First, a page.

You should bring your dog with you unless they'll be happier or safer without you. There are many potential difficulties for dogs who fly internationally. Some you can prepare for, others you can't. We'll talk about many of them today.
Generally speaking, dogs are more adaptable than we are. It completely depends on your dog. Sick, injured, or old dogs should never fly. Some dogs come off airplanes more relaxed than their owners. But dogs can experience stress-inducing stimuli while flying that they would never encounter otherwise. For example, dogs that aren't already used to traveling or spending many hours in a cage or kennel will not fly well. Any health issues dogs have may be exacerbated in a cargo hold. Dogs' food and medicine needs may be difficult to meet overseas. Owners' living situations or time availability may become less conducive to their dogs' needs. These and more are reasons your dog may have difficulty flying.

How do dogs feel during long flights if they are allowed to fly in cabin?
This is a tough question. How do humans feel on long flights? To the extremes, some of us feel gratitude at a few phone-free hours to catch up on some projects while others can't taxi a runway without popping a Xanax. Like us, all dogs are different.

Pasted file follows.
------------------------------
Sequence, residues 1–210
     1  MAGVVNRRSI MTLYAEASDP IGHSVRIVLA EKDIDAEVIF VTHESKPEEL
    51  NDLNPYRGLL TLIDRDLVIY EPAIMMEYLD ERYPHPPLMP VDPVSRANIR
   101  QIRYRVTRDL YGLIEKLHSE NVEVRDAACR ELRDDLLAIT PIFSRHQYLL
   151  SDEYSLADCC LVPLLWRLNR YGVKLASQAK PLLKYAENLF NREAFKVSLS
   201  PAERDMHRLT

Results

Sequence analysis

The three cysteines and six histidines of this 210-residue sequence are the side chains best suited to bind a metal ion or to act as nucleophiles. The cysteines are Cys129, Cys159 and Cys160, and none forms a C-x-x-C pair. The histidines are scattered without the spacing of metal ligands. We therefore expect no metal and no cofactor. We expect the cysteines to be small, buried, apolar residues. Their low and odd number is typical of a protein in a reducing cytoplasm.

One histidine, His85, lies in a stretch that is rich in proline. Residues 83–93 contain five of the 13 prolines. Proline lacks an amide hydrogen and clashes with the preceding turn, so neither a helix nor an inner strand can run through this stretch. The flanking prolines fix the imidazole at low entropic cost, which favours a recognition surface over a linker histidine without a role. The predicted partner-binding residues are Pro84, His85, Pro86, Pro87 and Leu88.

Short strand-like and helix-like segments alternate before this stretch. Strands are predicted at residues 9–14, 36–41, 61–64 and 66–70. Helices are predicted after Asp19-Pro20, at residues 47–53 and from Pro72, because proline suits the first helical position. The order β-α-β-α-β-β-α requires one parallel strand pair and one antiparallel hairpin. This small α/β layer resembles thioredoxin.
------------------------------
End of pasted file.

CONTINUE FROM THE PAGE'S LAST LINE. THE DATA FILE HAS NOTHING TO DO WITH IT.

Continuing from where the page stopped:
Dogs are most afraid of new and surprising experiences. Dogs are more comfortable flying if they've done something like it before. First time flyers will be a little distressed and uncomfortable, regardless of their species. It's important that dogs become accustomed to a simulated flying experience as much as possible before they fly.
Dogs are usually not permitted to exit their kennels from the time they enter the airport until they exit at the other end, which can cause some dogs higher than usual anxiety and/or energy. Veterinarians used to recommend sedatives for dogs who fly but they now recommend against it due to risks of heart and respiratory complications. Vets do recommend that dogs fly on an empty stomach so your dog could feel hungry and/or lethargic. Your dog's health, age, breed and flight destination are all considerations when restricting diet. You are allowed to open your dog's kennel to pet your dog and give them treats. Ice cubes are good treats for most dogs on flights. Dogs on flights should receive petting and treats only while behaving calmly to increase the likelihood of this behavior. Attempting to comfort dogs when they're already anxious on planes usually has the opposite effect.